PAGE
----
Friday

18 December 2015

"But just when he had resolved to do this, an angel of the Lord appeared to him in a dream and said, 'Joseph, son of David, do not be afraid to take Mary as your wife, for the child conceived in her is from the Holy Spirit. She will bear a son, and you are to name him Jesus, for he will save his people from their sins'." (vv. 20-21)

Psalm: Psalm 61

Background

Imagine the awkward questions Matthew had to ask to get his facts straight on this one! In those days, engagement or betrothal was a serious business, binding for a whole year before the marriage was celebrated and consummated. It was breakable only by death or divorce. On learning of Mary's pregnancy, Joseph decided not to put her through the ordeal of public trial and shame, seeking instead a private arrangement. But then he encountered a messenger of God in a dream.

What's in a name? The Bible clearly thinks names are important, especially when given by God. First, Joseph is addressed by the angel as "son of David" - emphasising his royal lineage (Joseph was a descendent of King David). Jesus may not be related to this family by blood but when Joseph names the child, as he is commanded to, he acknowledges Jesus as his son, and therefore a rightful heir. And then there's the name of Jesus which means 'Yahweh is salvation' or 'God to the rescue'. Jesus shares the same name as Joshua ('Jesus' is the Greek version of the popular Hebrew name) who led God's people violently and victoriously into the Promised Land. Matthew, however, subtly clarifies that Jesus is not 'that' kind of Messiah. He will save his people 'from their sins'. Just what this means will be explored in the rest of Matthew's Gospel. And there is another important name, a name prophesied in Isaiah 7:14: Emmanuel (or Immanuel) meaning 'God is with us'.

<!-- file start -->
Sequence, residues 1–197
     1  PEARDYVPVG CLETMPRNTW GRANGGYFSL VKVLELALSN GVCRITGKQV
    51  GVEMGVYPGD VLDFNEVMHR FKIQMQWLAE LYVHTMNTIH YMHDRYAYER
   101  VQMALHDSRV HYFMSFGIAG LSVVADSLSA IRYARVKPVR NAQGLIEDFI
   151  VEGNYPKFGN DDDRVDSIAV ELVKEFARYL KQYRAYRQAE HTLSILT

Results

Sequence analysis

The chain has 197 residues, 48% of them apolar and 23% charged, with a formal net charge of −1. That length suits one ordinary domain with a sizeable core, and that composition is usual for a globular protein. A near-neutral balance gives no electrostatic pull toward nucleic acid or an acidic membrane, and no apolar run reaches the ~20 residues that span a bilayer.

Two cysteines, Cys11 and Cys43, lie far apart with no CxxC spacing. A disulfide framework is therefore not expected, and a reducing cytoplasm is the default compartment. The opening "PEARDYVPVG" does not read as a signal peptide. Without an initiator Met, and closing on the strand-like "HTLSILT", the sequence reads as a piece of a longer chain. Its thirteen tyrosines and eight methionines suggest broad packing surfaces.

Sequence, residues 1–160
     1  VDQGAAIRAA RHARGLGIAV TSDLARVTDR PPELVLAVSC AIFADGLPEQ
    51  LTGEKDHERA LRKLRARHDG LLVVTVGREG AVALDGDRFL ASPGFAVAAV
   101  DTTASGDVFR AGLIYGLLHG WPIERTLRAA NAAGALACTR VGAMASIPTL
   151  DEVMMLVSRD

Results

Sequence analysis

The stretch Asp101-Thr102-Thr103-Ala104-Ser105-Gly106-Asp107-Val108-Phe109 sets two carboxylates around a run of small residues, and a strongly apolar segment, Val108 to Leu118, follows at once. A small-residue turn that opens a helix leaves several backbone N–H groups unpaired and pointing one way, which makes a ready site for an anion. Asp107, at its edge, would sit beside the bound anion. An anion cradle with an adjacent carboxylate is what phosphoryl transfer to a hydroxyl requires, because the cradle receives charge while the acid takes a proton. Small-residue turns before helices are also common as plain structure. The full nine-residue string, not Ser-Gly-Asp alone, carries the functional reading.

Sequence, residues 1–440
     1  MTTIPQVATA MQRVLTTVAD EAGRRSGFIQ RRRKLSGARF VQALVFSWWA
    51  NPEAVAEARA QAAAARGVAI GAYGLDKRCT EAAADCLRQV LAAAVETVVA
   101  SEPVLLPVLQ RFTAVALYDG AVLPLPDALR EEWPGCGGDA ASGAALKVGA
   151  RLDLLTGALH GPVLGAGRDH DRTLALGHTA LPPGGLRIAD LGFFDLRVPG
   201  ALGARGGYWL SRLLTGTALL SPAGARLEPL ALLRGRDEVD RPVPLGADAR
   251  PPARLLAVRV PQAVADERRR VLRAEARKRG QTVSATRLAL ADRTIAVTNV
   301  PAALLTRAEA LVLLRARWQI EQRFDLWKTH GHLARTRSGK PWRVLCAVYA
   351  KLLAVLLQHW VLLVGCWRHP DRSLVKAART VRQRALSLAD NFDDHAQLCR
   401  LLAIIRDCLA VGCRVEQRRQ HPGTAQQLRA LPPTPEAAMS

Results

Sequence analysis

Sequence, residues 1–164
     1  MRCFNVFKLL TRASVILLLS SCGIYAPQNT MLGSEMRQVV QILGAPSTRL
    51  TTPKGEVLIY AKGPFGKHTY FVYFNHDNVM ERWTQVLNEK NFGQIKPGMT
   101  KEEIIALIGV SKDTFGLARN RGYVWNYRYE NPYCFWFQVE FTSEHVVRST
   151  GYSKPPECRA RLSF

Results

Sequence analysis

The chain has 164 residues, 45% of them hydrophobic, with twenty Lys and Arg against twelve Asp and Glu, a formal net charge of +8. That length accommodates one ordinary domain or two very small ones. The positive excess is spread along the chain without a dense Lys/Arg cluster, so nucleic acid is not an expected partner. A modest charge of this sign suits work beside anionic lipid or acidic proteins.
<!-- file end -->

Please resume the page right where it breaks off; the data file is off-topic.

The word translated 'birth' in verse 18 is 'genesis'. This may take our thoughts back to the creation story. We may think that, as God 'intervened' to create Adam and Eve, here God 'intervenes' again in the miracle of the virgin birth. Stanley Hauerwas, a famous theologian, said, "God does not need to intervene in creation, because God has never been absent from creation." God is with us. If God had ever been absent, even for a second, surely the universe would have collapsed into oblivion. And the genealogy of Jesus reminded us that, throughout history, God is with us and at work in a very special way.

In the person of Jesus, however, God is with us in a new and unique way - found as one of us. And so the presence of the Lord saturates this story from the beginning of creation to its ultimate salvation, but here we see wonderfully how at one brief moment it rested on a knife-edge, relying on the obedience of a righteous man and the potential of an unborn child.
 

To Ponder

  • For Jesus to live, die and rise again, he also needed to be born and brought up. How easy is it to underestimate the role of Joseph and Mary in the story of faith?
  • What does it mean for you that Jesus 'will save his people from their sins'?
  • Jesus' birth was clearly a miracle, but in many ways so was yours. Today, look out for the presence of God in every human life.


Bible notes author: The Revd Andrew Murphy

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